Sermon. Fourth Sunday of Easter Anzac Day 25 April
Acts 4:5-12. Psalm 23. 1 John 3:16-24. John 10:11-18
Today marks two significant days, one which invites us to remember those who fought alongside Australian’s in world wars and the other a Church tradition, that this Sunday is known as Good Shepherd Sunday. For me, the two seem inextricably linked. Today we remember those who have died in war, those who gave their lives. Jesus said, ‘no one has greater love than this, to lay down one’s life for his friends’ (John 15:13)
In John chapter 10:11, Jesus says, ‘I am the good shepherd. The good shepherd lays down his life for the sheep’. Jesus was speaking to the disciples of his death and the kind of death it would be. Jesus would lay down his life for all. And the fact that this statement about the Shepherd being willing to die for the sheep makes a stark image of what kind of Shepherd this is. This shepherd that we speak of today, this remarkable yet humble Shepherd has a lot to teach us about humility but also about a tenacity and determinedness to stay the course, to finish what he came to fulfill.
In my mind, this image of Jesus does not provoke an picture of a shepherd in white, demurely holding a lamb upon his shoulders with a meek and mild persona. In my short experience of sheep on a farm, shepherds, or at least those caring for them, have a number of qualities. First of all, they require strength, particularly those who shear the sheep for their fleece. This is no mean feat at all. Shepherd’s as described through the Old and New Testament’s were, to take the sheep out to pasture, sometimes far from the village, building a sheepfold from rocks and guarding the sheep from wolves. Defending them against attack.
Secondly, shepherd’s needed to keep the flock together. This takes quite a bit of determination and patience. Sheep sometimes, having minds of their own, to stray. Generally speaking, sheep will follow one another but now and then one or two will stray from the flock and then the shepherd needs to secure the flock and go in search of the ones who have wandered. When Jesus saw Zaccheaus in a tree, they would share a meal together. Many grumbled to see Jesus eat with Zaccheaus as they considered him to be a sinner. But what was Jesus response, ‘the Son of man came to seek and save the lost’. Lost sheep often got caught in places they could not get out of. Stuck in a bush or in the crevice of rocks. Lost sheep need to be sought out and brought back into the fold.
Thirdly, the Shepherd is not a hired hand. In the gospel reading, we discover the hired hand does not own the sheep, does not take the same responsibility for the sheep as the shepherd would. And so, when things get tough, when the wolves come to attack the sheep, the hireling flees, leaving the sheep vulnerable to the wolves. The hired hand does not care for the sheep. One true characteristic of the Shepherd is his care of the flock. The shepherd will do all they can to ensure the sheep are fed, that they have water to drink, that they are safe out on the hills or in the valleys, and are kept safe from attack by wolves. Jesus, the Good Shepherd, knows the sheep because he cares for them. Not in a wishy washy kind of way, but with great care and respect for each one. With a love that demonstrates how much they are cared for, even to the point of death. In our gospel reading, we are told that Jesus is willing to lay down his life for us.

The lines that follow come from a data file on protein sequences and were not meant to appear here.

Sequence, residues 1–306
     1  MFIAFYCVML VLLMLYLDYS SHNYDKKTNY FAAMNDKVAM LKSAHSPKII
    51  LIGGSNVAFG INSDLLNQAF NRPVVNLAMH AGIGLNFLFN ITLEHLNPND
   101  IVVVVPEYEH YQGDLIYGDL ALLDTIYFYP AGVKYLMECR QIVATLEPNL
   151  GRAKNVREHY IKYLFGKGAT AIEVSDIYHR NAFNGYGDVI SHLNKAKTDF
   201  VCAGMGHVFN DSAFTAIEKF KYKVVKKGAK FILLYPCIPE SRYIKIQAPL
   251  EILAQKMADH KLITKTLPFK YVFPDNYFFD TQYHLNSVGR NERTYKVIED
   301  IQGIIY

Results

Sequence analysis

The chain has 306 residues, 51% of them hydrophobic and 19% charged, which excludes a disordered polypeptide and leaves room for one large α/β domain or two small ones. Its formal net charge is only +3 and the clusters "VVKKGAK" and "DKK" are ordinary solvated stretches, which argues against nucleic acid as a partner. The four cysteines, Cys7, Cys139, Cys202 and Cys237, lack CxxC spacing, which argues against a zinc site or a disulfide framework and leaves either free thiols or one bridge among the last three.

It’s not an easy metaphor for us today, shepherd’s and sheep. Those of us who have grown up in the city are far removed from life on the land where sheep or cattle graze and farmers do the hard work of ensuring they are fed and cared for. Our lives are even further removed from the life of Shepherd’s of the Old Testament, like Abraham, or David, or Moses whose job it was to ensure their sheep were well cared for. The tradition of Shepherds were handed down from father to son, and often young people cared for the sheep. David was the youngest son, left to care for the sheep out in the fields. The metaphor Jesus used was perfect for his audience. They were familiar with the image of shepherd and sheep, familiar with the lowliness of the task, the poverty that often accompanied shepherds, and sometimes, the lack of respect as well.
Its hard to imagine that someone would choose to die for their friends. History tells us that many of the young people that went to fight in the first and second world wars thought they were off on a great adventure, only to discover the grim reality of war and so many of them would not return home. We remember their sacrifice, we honour the fallen.
Jesus gave an example of what it means to be a ‘good shepherd’. Even if it is a metaphor we risk misunderstanding, or that doesn’t quite fit in our 21st century world. I wonder what metaphor you would use instead? Nevertheless, Jesus made it quite clear what kind of Shepherd he is. Where strength is grounded in humility, where choosing to seek out lost sheep is grounded in compassion and , where choosing to die is grounded in a love so great that we cannot comprehend it.
Whatever we choose to name this day, whether it is both and, both Anzac Day and Good Shepherd Sunday, may we remember those who lost their lives in war and honour them. May we also call to mind that Jesus gave his life for us, his friends. In John 10:14, we read, ‘I am the good shepherd, I know my own and my own know me, Just as the Father knows me and I know the Father. And I lay down my life for the sheep. May each one of us today come to know and experience the love of the Saviour, Jesus Christ, who died, and rose again, that we might have eternal life.